Much has been said about Netflix’s password-sharing crackdown, and yet, analysts are torn on its success. While some reporting indicates that subscribers recover afterwards, there’s a new article every day explaining how different parts of the world are leaving the world’s first streaming service behind.
The Streaming Industry
It was over a decade ago that Netflix transitioned to a streaming service, disrupting the entertainment industry in a big way. Even today, we can see aftershocks, such as writers’ strike in Hollywood, where streaming service residuals and AI are their main raison d’être. However, streaming has given unrivaled convenience for consumers and allowed the creation of projects that wouldn’t have received cable or movie funding.
The industry is much larger than Netflix now, as many competitors and other streaming entertainment companies are becoming increasingly popular. In the same decade that Netflix found its feet, the iGaming industry also found massive success by digitalizing casino games. That included interactive media, leveraging streaming technology to show what live game shows offer for new customers outside of video-on-demand. By giving sign-up offers, sites incentivize viewers to interact with their entertainment in a way that wasn’t possible before. This interactivity is why live streaming has become a very popular form of entertainment online.
This rise of streamed content proved fertile ground for Netflix, which doesn’t offer live content, but video-on-demand streaming at convenience using the same base technology. It combined the best of both worlds, especially once they started making their own originals that benefited from new and creative shows without the limits of cable TV. They started as a disruptor to traditional television, now they’re at the head of their own industry. If Netflix declines, if that’s even happening, it wouldn’t be the end of streaming. Even with the strike, Hollywood is jostling for their dues because they know streaming is here to stay.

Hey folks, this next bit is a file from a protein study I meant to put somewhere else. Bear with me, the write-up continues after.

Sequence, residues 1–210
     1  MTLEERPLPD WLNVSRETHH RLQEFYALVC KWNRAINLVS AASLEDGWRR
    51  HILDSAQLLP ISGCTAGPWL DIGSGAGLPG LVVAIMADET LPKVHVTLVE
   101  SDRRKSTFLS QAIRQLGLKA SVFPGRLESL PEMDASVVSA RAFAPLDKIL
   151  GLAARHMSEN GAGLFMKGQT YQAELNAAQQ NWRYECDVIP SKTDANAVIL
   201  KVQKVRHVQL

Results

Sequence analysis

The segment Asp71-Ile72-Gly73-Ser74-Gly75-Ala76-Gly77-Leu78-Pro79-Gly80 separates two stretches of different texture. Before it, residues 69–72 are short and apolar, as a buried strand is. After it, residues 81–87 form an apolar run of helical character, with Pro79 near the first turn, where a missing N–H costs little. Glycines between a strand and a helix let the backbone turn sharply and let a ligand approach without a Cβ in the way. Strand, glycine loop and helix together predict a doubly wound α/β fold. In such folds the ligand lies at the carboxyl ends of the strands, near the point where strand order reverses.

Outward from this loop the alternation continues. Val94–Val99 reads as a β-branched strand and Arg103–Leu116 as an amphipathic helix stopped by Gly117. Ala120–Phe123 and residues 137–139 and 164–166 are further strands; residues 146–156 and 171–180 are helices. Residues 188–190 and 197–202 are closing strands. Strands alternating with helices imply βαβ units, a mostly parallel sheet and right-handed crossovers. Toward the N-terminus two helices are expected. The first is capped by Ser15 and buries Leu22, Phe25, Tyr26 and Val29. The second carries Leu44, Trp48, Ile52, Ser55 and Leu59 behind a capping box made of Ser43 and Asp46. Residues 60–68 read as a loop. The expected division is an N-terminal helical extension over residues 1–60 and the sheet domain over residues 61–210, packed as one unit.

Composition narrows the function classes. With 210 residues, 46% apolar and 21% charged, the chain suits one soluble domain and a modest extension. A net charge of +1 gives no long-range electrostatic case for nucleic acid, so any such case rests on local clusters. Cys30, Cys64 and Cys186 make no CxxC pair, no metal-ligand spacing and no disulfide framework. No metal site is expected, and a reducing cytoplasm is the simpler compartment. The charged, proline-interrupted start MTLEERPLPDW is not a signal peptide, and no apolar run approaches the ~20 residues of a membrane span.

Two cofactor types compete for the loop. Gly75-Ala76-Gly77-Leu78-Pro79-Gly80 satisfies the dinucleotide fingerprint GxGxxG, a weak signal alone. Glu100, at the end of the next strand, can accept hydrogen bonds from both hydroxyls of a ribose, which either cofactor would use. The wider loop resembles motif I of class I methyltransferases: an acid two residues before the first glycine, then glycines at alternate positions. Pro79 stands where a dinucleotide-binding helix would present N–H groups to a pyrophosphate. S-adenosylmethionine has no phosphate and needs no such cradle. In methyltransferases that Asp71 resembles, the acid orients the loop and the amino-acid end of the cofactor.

The Password-Sharing Crackdown Impact
As a business that got by with boastful subscribership growth, Netflix started to face resistance when Disney, Amazon, Hulu, and every other competitor jumped into the scene. Subscriber growth slowed and so they reoriented towards profitability per subscriber instead. That’s why free trials were axed and now, password-sharing has been limited, so that more subscribers provide revenue.
It didn’t help that the crackdown was rumored for a long time, then announced, but still took nearly a year to roll out. Thankfully, Netflix knew how to navigate the situation by offering a lower-price plan which also includes ads, expanding another revenue source for the company.
The immediate impact has been drastic – one million subscribers lost in Spain. That was in Q1 of 2023. Then the crackdown hit Australia in Q2, costing them 200,000 subscribers. Through both, Netflix’s message was clear – stay the course, as the password crackdown strategy was always about long-term gain.
Netflix’s Q2 Subscriber Growth
Turns out, the suits at Netflix didn’t have to wait very long. While drop-offs have been reported, Netflix’s Q2 subscriber growth tells a different story. There were early signs that the crackdown was working. Antenna data analysis reported that sign-ups still outpaced cancellations as early as May.
As we note in our analysis, Netflix cancels were also up between 5/23-5/28, but not as much as sign-ups. Ratio of sign-ups to cancels since 5/23 is up +25.6% vs the previous 60-day period. Full post here: https://t.co/2CNU67kQST
— Antenna (@AntennaData) June 9, 2023
Then the Q2 reports dropped, showing that 5.89 million subscribers had joined the service, making a total of 238.39 million. That’s an increase in new subscribers when compared with the previous quarter, where they gained less than 2 million. Across 2022, they had been bleeding subscribers consistently.
Netflix’s crackdown is working, by the numbers. However, not all subscriber growth will be due to paid sharing – there are a lot of markets that are only recently coming online across the world and when they do, Netflix is there waiting for them. Meanwhile, we don’t know how many of those who dropped the service have come back, since they have a lot of other options for video-on-demand streaming nowadays.
In the coming months, there may be more reports that subscribers in certain countries are dropping Netflix. While true and newsworthy, this doesn’t mean that the company is suffering, the numbers show that the crackdown is working for the company.